Lisa M. Kamendulis – 2nd expert on this subject based on the ideXlab platform

  • Kupffer cells participate in 2-Butoxyethanol-induced liver hemangiosarcomas
    Toxicology, 2010
    Co-Authors: Lisa M. Kamendulis, Stacy M Corthals, James E. Klaunig

    Abstract:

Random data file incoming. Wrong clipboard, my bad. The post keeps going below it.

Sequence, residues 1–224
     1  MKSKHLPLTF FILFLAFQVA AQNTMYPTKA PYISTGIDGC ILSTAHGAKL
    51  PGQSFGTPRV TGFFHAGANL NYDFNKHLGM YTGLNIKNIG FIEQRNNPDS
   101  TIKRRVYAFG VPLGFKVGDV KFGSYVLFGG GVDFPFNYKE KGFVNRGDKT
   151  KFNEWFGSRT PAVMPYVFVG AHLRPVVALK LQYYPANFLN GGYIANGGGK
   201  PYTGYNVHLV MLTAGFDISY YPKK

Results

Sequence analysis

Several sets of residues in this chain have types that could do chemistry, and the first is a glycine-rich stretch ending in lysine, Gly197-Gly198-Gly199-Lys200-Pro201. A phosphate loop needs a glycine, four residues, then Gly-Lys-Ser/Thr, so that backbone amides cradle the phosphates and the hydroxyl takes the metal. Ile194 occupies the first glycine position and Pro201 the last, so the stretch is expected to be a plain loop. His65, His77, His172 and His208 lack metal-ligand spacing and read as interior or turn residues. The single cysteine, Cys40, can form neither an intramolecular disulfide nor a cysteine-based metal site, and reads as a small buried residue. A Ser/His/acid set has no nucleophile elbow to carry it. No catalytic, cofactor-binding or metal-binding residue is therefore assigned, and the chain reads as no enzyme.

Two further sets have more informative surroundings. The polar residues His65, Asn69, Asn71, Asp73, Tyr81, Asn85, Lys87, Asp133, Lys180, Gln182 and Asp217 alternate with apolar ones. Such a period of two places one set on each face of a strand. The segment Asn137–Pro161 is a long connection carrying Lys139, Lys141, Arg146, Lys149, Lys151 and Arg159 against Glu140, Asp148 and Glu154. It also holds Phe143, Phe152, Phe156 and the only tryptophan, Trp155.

Abstract 2-Butoxyethanol increases hemangiosarcomas selectively in male mouse liver after chronic inhalation through mechanisms that have not fully been elucidated. Hemolysis, a primary toxic effect associated with 2-Butoxyethanol exposure in rodents, increased hemosiderin (iron) deposition in Kupffer cells in the liver. These findings, along with the induction of hepatic neoplastic lesions, led to our hypothesis that the induction hemangiosarcomas by 2-Butoxyethanol is due to the activation of Kupffer cells, subsequent to hemolysis, that results in the induction of DNA synthesis in target cells (endothelial cells); allowing for the selective proliferation of preneoplastic target cells and/or the promotion of new initiated cells. The present studies were conducted to determine whether Kupffer cells contributed to 2-Butoxyethanol-induced endothelial DNA synthesis in the liver, thereby determining whether a linkage exists between these events. Male B6C3F1 mice were treated with 450 and 900 mg/kg 2-Butoxyethanol (via daily gavage; 5×/week) for 7 days in the presence or absence of Kupffer cell depletion (via clodronate-encapsulated liposomes). 2-Butoxyethanol (450 and 900 mg/kg/day) increased the number of F4/80 stained cells (Kupffer cells) compared to controls (∼1.3- and ∼1.6-fold over control, respectively). Clodronate liposome treatment reduced the number of Kupffer cells by >90%, as assessed by F4/80 immunohistochemistry. Increased hemolysis, measured by increases in relative spleen weights and decreased hematocrit was confirmed in 2-Butoxyethanol treated mice. The percentage of iron-stained endothelial cells increased by ∼11-fold over control, and endothelial cell DNA synthesis increased ∼1.7-fold over control in 2-Butoxyethanol exposed mice. Importantly, Kupffer cell depletion reduced 2-Butoxyethanol-induced iron staining and hepatic endothelial cell DNA synthesis. These studies provide evidence supporting the hypothesis that the Kupffer cell modulates 2-Butoxyethanol-induced endothelial cell DNA synthesis, and therefore may contribute to hemangiosarcoma induction by 2-Butoxyethanol.